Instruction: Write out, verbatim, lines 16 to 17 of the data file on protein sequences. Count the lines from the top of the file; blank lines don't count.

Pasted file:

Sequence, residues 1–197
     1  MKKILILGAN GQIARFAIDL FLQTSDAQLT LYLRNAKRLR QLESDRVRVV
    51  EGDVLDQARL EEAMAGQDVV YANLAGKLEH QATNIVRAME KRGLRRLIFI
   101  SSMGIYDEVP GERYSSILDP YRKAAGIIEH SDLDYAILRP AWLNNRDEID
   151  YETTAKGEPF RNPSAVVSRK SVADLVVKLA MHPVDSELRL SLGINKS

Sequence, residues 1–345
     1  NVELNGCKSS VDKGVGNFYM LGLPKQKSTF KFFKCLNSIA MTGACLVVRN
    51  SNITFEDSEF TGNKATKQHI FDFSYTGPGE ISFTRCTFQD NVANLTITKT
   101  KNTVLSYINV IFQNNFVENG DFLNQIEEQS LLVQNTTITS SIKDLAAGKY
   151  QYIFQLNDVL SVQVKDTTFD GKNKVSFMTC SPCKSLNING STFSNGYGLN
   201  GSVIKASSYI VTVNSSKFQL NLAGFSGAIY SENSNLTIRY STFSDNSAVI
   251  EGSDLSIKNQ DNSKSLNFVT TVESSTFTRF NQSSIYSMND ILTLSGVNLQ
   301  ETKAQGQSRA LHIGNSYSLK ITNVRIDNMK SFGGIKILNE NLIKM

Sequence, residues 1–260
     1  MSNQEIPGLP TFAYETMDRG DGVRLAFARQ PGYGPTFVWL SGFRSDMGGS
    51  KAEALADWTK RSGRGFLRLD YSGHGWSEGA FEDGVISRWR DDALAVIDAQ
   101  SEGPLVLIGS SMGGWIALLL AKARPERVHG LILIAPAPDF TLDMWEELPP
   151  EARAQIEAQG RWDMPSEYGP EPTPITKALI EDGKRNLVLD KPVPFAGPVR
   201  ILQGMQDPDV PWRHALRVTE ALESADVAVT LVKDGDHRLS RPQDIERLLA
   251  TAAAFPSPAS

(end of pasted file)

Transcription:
    51  KAEALADWTK RSGRGFLRLD YSGHGWSEGA FEDGVISRWR DDALAVIDAQ
   101  SEGPLVLIGS SMGGWIALLL AKARPERVHG LILIAPAPDF TLDMWEELPP